Thursday, March 26, 2009

Bob Confer: Terrorist

From the 30 March 2009 Greater Niagara Newspapers

By Bob Confer

Long-time readers of this column probably have a good idea about who I am. You’ve been subjected to my rants about and against illegal immigration, gun control, abortion, the North American Union, the Federal Reserve, taxes, and the economic irresponsibility of the government. You’ve read of my support for the Libertarian Party and third-party candidates. Chances are you’ve also heard me on Scott Leffler’s talk show denouncing ballistics tracking, Constitutional Conventions, and government in general. You might also know that I travel with a CB radio in my vehicle and I use social networking sites like Facebook to share my views and rally support for them. And, you can probably judge by my mugshot that I keep my hair closely-cropped – some might even say I’m a “skinhead”.

I’ll bet, though, that you didn’t know that I’m a terrorist.

Yes sir, I’m an honest-to-goodness right-wing domestic terrorist. You know, one of those “militants”.

I didn’t know I was one, either. There have been times when I wondered if the feds might think I was a terrorist, an enemy of the state thanks to my pithy columns. But, now, I am totally confident that I’ve been lumped together with guys as despised as Tim McVeigh, David Koresh and the Unabomber.

At least that’s what the Missouri Information Analysis Center would like people to believe. The MIAC is one of 58 fusion centers across the United States, created by the Department of Homeland Security to study the habits of, and create a unified plan against, terrorists. A few weeks ago, the MIAC issued an 8-page briefing entitled “The Modern Militia Movement” in which they have identified the mentality and distinguishing characteristics of domestic terrorists. It’s a field guide of sorts to aid law enforcement in determining if you or I might be someone to keep an eye on.

There just might be an intelligence agent watching me right now because I’m the perfect example of what a militiaman is supposed to be. Based on the criteria they’ve laid out in the report, I’m 0-for-15 in the model citizen department just because of the things I’ve mentioned in the opening paragraph alone. Every one of those items is listed as a tell-tale sign of a militant, so, I am, in their eyes, a danger. Consider that from the get-go, there are 15 strikes against me. In total, that’s impressive, perhaps frightening by MIAC standards. Many are quite damning if you consider how hard some of my stances have been regarding the issues.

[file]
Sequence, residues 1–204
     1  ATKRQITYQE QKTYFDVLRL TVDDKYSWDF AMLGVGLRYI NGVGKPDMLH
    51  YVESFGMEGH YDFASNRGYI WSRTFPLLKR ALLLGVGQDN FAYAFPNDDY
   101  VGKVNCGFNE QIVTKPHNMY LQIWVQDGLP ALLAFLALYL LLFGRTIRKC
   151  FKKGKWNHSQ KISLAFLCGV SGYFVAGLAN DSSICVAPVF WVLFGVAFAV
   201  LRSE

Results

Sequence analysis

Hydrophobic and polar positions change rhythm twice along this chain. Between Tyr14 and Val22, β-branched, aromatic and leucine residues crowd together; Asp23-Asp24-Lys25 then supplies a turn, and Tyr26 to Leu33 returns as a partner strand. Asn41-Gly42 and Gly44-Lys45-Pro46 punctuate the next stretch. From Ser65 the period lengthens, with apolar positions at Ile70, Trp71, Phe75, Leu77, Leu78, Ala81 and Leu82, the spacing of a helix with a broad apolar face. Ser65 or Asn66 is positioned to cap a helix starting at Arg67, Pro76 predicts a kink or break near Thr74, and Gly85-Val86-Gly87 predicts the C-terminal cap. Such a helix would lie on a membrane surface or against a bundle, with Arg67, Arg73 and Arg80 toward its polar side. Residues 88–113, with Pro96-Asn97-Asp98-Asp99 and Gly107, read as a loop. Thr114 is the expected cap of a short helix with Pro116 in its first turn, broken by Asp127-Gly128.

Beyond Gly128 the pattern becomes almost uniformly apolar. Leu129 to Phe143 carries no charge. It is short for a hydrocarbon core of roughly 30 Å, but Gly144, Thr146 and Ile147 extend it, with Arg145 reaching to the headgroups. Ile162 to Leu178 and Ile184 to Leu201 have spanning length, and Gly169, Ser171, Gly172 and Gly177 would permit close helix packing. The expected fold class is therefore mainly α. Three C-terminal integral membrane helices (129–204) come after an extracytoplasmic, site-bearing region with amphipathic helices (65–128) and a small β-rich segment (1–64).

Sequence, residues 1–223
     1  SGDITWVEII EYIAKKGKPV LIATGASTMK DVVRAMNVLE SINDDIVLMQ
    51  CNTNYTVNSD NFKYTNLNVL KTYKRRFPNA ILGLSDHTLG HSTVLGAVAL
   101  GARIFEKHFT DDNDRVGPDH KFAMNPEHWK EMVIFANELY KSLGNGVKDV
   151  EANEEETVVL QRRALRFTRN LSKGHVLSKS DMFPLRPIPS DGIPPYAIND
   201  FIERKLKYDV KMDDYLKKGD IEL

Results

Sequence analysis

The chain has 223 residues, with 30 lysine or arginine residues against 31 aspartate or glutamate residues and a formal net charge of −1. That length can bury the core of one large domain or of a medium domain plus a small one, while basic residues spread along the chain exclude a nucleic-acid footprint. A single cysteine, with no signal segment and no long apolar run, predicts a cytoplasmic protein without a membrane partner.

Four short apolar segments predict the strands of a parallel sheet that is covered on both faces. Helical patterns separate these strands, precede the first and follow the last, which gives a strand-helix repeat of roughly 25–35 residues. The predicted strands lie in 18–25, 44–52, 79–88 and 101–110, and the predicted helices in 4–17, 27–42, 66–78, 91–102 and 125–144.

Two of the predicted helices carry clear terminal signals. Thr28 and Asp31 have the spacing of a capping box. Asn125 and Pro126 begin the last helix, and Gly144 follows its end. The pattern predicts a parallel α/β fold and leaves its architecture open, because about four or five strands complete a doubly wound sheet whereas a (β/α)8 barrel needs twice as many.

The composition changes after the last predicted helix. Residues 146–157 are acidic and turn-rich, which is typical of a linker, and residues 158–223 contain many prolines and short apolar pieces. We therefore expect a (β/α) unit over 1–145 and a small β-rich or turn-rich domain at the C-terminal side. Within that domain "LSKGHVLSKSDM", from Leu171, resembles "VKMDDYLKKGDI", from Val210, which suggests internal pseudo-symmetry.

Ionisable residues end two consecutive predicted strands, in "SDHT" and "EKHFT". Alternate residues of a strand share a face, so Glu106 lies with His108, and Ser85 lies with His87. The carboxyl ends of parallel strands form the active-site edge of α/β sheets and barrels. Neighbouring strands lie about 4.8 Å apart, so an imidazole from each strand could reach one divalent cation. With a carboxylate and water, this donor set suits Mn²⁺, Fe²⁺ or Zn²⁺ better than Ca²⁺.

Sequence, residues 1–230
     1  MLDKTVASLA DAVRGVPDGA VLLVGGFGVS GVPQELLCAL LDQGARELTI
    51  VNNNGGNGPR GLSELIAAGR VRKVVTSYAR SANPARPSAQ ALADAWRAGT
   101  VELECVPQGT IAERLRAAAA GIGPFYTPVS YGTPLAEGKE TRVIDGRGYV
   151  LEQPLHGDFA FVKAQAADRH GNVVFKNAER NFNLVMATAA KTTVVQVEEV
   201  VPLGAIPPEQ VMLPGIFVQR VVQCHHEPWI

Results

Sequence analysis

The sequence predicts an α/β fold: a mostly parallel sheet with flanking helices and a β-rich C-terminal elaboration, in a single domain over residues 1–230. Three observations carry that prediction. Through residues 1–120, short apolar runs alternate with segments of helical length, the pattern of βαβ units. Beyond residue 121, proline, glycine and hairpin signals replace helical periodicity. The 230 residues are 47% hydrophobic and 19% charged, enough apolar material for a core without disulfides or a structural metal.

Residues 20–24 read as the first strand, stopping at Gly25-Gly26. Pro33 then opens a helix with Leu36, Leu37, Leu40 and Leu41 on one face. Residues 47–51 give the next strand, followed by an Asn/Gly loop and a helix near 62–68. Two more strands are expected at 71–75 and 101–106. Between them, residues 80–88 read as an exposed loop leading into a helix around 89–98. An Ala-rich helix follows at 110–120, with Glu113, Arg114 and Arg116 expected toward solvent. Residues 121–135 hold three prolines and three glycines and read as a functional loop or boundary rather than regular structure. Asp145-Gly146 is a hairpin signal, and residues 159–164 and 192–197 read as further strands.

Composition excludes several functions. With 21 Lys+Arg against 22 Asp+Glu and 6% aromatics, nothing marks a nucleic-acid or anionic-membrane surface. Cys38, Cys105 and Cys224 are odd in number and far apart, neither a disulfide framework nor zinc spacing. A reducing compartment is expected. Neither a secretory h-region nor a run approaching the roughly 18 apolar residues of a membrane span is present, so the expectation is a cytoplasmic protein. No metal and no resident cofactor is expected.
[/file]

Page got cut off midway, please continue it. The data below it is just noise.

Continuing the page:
Think about the stupidity of Homeland Security’s logic: believing in the American Way supposedly predisposes people like me to be wishful of its destruction. And I thought I was being a good citizen. Never have I initiated my so-called terrorist ways in any sort of violent intent towards our nation and our people. My written assaults on bad government are always looking out for the best interests of the people, peacefully, logically and with respect for our Constitution. God forbid that I think that important document should mean something. Reports like the MIAC’s show that maybe it doesn’t anymore.

And that, folks, shows how depraved our federal government has become. Hard-earned taxpayer money went into this foolish study, one clearly indicating that those with an outspoken belief in what government should be - and not what it has become - deserve to be looked at with disdain.

Well, at least I can take some comfort in knowing I’m not alone. You’re probably just as guilty as I. All of you who complain about taxes, are disgusted with Congress and read this subversive newspaper deserve to be saddled with this ill-begotten stereotype and can count yourselves as a member of a militia movement.

I trust, though, that you, like me, won’t be deterred by this name-calling. If what I do and what I am makes me a threat, then so be it: I’m a terrorist and proud of it!

Sunday, March 22, 2009

Obama declares war on our vets

From the 23 March 2009 Greater Niagara Newspapers

By Bob Confer

The lingering physical trauma and mental anguish of war are things that most Americans will never experience.

We will never know what it feels like to have limbs ripped from our body by a bomb blast or a hole run through us by searing hot lead. The long road to recovery – or adjustment to a new reality – that comes from such a horror is something completely foreign to us.

Nor will we will ever understand the psychological pain that many a vet carries with him for his lifetime. We know not the vivid imagery trapped in a soldier’s mind that plays like a recurring nightmare, one where his friend is gunned down before him or where he happens upon the remains of women and children defiled by our enemies.

Most of us will never have to suffer those “living casualties” of war because we are blessed. Our national interests and the defense of our nation and other nations much less fortunate are upheld by our impeccable armed forces. More than 26 million men and women count themselves as veterans of our defense, having served and sacrificed so that we may go about doing what Americans do and living in peace and liberty. It is to them that we owe our lives.

It is to them that we owe their lives.

They have given much, and seen plenty, and it is our responsibility as citizens – especially as citizens who did not share in their higher calling – to take care of them, as they did us, when they return to the home front. Many of the vets went about their military business selflessly and with no expectations but to maintain Americana. Regardless of that, we do have an obligation to them, to return the favor in kind and provide them the care they need, both physically and mentally, in their efforts to become whole again. It’s the very least that we can do for them. And it’s still not enough.